March 14th. 3.14. The day celebrated around the world as Pi day is more than just a day of recognition for the AMHS student body; it’s a holiday. Every year the day is met with great anticipation with math themed events all week finally leading up to the Pi day picnic, a special lunch complete with live music and best of all, Pi for sale. The holiday is an important time for the magnet population to celebrate a much used and loved number as well as have some fun.
The History of Pi
The ancient Babylonians were the first group to start investigating the important number. They took three times the square of a circle’s radius and came up with the number 3.125. Around this same time in history Egyptian math mathematicians were also hard at work developing their own pi. They calculated the area of a circle using a similar formula and came up with the number 3.1605. The first official calculation of pi was done by Archimedes of Syracuse. He approximated the area of a circle by using the Pythagorean Theorem to find the areas of two regular polygons: the polygon inscribed within the circle and the polygon within which the circle was circumscribed. Since the area of the circle lies between the areas of the inscribed and circumscribed polygons, the areas of the polygons gave upper and lower bounds for the area of the circle. Archimedes knew that he had not found the value of pi but only an approximation within those limits, Archimedes showed that pi is between 3 1/7 and 3 10/71. A similar approach was used by Zu Chongzhi, a Chinese mathematician and astronomer. Little is known of his work but, he calculated the value of the ratio of the circumference of a circle to its diameter to be 355/113. To compute this accuracy for pi, he must have started with an inscribed regular 24,576-gon and performed lengthy calculations involving hundreds of square roots carried out to 9 decimal places. Mathematicians began using the Greek letter π in the 1700s. Introduced by William Jones in 1706, use of the symbol was popularized by Leonhard Euler, who adopted it in 1737.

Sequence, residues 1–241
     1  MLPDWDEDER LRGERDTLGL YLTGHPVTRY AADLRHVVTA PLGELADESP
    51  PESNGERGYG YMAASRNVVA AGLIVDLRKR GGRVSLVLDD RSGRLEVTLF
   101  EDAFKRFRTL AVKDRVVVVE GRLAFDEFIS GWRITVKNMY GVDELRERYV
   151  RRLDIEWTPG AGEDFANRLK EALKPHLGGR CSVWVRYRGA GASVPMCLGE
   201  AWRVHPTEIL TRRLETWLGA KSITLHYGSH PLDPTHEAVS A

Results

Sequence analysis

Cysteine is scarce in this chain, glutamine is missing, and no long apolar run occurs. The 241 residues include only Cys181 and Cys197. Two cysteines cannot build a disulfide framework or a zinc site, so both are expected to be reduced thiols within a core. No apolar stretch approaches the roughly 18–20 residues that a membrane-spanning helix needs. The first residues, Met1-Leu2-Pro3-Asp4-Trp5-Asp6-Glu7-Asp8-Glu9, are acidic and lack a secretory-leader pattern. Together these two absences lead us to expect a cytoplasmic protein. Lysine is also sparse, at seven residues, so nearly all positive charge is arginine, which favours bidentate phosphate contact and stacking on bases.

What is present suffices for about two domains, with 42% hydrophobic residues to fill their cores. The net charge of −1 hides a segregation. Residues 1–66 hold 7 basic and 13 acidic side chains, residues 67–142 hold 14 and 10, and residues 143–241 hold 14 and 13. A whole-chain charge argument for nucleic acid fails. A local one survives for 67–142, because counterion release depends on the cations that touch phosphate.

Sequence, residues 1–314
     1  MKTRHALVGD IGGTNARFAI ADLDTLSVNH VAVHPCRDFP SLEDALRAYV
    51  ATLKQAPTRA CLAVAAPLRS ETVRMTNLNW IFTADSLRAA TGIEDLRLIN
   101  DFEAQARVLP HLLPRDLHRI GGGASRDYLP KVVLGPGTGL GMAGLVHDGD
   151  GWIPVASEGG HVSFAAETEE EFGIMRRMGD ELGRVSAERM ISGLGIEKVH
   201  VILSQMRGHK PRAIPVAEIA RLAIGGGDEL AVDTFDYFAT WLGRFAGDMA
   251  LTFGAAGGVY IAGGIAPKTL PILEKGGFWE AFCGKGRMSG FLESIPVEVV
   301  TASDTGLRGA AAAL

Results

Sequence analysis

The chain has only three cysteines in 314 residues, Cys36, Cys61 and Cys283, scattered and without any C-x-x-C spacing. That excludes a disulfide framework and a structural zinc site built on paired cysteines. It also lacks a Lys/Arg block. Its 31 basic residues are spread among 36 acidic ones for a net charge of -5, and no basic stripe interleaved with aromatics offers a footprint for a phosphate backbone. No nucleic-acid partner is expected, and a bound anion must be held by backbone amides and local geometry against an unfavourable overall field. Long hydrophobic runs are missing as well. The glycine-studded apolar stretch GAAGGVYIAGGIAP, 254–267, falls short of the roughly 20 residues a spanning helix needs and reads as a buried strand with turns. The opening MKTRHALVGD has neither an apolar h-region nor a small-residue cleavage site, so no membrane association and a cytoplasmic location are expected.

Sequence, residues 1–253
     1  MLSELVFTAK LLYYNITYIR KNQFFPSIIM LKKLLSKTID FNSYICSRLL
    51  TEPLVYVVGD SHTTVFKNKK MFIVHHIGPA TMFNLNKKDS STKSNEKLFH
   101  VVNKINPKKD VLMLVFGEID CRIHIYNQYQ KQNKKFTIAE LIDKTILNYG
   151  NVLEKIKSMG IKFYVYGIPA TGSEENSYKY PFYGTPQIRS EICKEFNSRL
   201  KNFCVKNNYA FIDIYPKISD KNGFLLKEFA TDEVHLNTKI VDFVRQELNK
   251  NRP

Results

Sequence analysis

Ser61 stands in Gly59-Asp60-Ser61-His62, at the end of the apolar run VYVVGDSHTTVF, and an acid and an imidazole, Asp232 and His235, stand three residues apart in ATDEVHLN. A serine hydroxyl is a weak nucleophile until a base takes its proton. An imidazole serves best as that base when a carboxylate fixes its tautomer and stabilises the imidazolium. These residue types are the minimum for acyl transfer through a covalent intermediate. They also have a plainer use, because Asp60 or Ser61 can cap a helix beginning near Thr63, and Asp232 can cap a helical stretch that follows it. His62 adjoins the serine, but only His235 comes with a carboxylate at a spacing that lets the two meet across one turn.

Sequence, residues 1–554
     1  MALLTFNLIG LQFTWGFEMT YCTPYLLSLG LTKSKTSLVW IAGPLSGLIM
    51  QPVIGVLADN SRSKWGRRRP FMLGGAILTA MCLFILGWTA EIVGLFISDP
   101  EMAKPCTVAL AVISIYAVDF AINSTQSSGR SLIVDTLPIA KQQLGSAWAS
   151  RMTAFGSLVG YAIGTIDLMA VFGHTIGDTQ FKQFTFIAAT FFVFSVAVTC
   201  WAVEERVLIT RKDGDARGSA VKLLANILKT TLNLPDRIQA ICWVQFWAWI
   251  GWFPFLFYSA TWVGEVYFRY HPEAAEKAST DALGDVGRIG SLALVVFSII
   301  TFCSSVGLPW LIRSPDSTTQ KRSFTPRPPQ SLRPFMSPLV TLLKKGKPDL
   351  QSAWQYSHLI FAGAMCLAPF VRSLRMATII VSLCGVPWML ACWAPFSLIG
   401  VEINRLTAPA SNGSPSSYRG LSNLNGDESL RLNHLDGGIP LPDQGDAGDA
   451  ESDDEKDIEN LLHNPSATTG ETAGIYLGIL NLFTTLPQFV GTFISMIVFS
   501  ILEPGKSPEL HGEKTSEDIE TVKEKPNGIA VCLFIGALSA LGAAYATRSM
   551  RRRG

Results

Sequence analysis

Magnet Events for Pi Week
This year the Pi day them was half tau luau, a tropical Hawaiian theme that inspired much creativity in the annual poster, meme, song, poem making contest. Another senior, Mary Frances Kline was the winner of the pie reciting contest after she listed from memory almost 200 digits of pi. Overall the week was a mathematical success of epic proportions and lots of pie was consumed by AMHS students.